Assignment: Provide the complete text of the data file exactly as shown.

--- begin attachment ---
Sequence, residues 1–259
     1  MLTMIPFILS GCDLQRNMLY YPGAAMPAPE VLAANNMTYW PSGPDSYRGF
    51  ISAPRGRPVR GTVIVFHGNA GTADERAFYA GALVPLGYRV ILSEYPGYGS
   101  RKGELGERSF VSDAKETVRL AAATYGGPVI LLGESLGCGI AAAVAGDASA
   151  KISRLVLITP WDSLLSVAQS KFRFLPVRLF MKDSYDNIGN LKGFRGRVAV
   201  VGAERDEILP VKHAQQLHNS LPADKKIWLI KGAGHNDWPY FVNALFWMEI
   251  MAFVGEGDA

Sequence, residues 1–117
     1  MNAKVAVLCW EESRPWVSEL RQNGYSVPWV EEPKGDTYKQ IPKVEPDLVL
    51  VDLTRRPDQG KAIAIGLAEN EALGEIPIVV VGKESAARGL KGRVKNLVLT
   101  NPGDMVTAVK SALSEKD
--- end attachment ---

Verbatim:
Sequence, residues 1–259
     1  MLTMIPFILS GCDLQRNMLY YPGAAMPAPE VLAANNMTYW PSGPDSYRGF
    51  ISAPRGRPVR GTVIVFHGNA GTADERAFYA GALVPLGYRV ILSEYPGYGS
   101  RKGELGERSF VSDAKETVRL AAATYGGPVI LLGESLGCGI AAAVAGDASA
   151  KISRLVLITP WDSLLSVAQS KFRFLPVRLF MKDSYDNIGN LKGFRGRVAV
   201  VGAERDEILP VKHAQQLHNS LPADKKIWLI KGAGHNDWPY FVNALFWMEI
   251  MAFVGEGDA

Sequence, residues 1–117
     1  MNAKVAVLCW EESRPWVSEL RQNGYSVPWV EEPKGDTYKQ IPKVEPDLVL
    51  VDLTRRPDQG KAIAIGLAEN EALGEIPIVV VGKESAARGL KGRVKNLVLT
   101  NPGDMVTAVK SALSEKD